Even when a person chooses to quit the sinful behavior they’ve entered into, a struggle will ensue. And why? Because the repetitive behaviors physically alter the structure of the brain.
Destination Hope, a substance abuse treatment center for first responders, shares how addiction occurs.
“A benign habit can become an addiction quickly when the feeling of overwhelming stress changes brain chemistry, which in turn changes behavior.”
Neurologically speaking, the brain has created new pathways over time - which are now dependent on the continual cycle of acting out. In order to overcome the struggle in one’s life, they must enter into the process of renewing the mind.
Regardless of how far things have gone, there is still hope.
Navigating the Pain to Experience Healing
The Conquer Series is a powerful, biblically and scientifically based DVD teaching to help those who are struggling with sexual addiction. Individuals will learn about the chemistry and wiring of the brain, why trying harder does not work, and the importance of renewing the mind. Also, this series will help identify the most painful moments in one’s life, and will open the door for Jesus to heal those wounds. Hope begins to resurface as the root, which is likely the traumatic moment, gets healed.
It’s important to note that you cannot fight the battle alone. Though it can seem daunting, healing will require you to let someone else into the pain that you’re facing. It takes a strong person to admit to areas of weakness, and taking this first step does not label you as a failure.
Small groups are available to connect individuals as they go through the Conquer Series. These groups provide prayer, encouragement, and support. They quickly become a band of brothers, fighting to ensure that no man is left behind.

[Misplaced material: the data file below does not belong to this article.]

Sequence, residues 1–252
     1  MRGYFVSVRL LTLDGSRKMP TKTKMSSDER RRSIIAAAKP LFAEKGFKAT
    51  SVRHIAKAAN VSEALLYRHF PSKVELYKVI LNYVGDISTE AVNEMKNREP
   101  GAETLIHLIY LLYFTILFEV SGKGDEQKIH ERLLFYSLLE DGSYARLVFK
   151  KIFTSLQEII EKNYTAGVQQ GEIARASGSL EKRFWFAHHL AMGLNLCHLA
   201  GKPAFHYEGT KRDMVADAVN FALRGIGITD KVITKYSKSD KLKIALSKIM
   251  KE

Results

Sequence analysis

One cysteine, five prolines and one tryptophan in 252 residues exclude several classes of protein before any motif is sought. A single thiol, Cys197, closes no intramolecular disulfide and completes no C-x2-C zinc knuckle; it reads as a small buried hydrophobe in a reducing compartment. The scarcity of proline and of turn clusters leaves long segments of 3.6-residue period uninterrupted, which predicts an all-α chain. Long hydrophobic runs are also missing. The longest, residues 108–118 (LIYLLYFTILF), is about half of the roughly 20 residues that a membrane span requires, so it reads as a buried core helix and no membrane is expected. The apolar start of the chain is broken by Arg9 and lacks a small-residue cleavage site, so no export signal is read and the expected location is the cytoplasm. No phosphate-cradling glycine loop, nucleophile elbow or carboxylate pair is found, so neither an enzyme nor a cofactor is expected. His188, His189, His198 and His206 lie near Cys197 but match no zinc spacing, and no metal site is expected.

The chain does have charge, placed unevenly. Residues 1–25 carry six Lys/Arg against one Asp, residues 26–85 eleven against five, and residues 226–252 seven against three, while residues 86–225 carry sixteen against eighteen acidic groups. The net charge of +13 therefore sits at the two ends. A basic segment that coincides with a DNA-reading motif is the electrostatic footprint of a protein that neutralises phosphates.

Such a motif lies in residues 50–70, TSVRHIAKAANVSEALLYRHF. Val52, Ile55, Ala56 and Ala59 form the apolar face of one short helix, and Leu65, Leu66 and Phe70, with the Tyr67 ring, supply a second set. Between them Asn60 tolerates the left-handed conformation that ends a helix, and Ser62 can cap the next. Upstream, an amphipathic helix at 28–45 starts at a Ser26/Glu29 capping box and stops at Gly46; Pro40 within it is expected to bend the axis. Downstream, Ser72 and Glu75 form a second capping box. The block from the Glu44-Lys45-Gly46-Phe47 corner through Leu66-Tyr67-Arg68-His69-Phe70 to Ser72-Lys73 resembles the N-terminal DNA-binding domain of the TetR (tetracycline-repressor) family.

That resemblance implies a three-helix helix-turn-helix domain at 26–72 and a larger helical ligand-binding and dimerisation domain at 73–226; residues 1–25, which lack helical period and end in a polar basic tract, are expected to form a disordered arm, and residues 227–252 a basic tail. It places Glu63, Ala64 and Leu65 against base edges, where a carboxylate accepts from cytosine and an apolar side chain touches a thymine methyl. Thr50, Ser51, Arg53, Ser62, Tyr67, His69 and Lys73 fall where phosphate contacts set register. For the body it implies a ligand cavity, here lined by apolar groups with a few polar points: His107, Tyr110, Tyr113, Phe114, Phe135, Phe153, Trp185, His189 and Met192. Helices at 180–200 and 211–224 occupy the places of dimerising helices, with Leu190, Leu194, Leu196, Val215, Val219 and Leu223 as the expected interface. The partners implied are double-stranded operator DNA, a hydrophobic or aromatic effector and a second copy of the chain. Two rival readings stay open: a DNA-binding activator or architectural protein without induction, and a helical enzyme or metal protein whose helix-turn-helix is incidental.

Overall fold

Many local churches have created an on-going ministry through the use of the Conquer Series. Moreover, a number of individuals have started using this series within their circle of friends, as a prison ministry, or on military bases. Chaplains, or those within positions of leadership, may want to consider creating Conquer Groups specifically for their fire station, police station, or emergency medical services units.
Freedom Can be Found
Though initially created for sexual addiction, many have shared how the Conquer Series can help deal with various struggles in life.
Sonya shared, “God has done a work of deliverance in my husband’s life. The Conquer Series was instrumental in that. My husband, Tim, met with our pastor. God used our pastor to help deliver Tim from the addiction of smokeless tobacco, unforgiveness, and pornography.”
Jan Mozingo of Revive Church in Stuart, Florida shares, “This is one of the best, professionally done productions on warfare for this and ANY addiction!”
Cliff Wolken, FDNY-20 years, shared how the Conquer Series helped him to deal with the trauma he’s endured.
“The Conquer Series has allowed me not only to root out things in my past that trigger thoughts before the attached emotions turn me to sinning. It is a freedom I’m now able to enjoy, and never believed possible until how the brain works was explained.”
Thank You for Your Service
We don’t want these brave men and women to suffer in silence. We want them to know that there is a way to deal with the painful memories that continue to haunt them. When their shift is over, we want first responders to be ready to fully engage with their spouse and children. As they are heroes in the community, we also want them to be warriors for the Kingdom of God.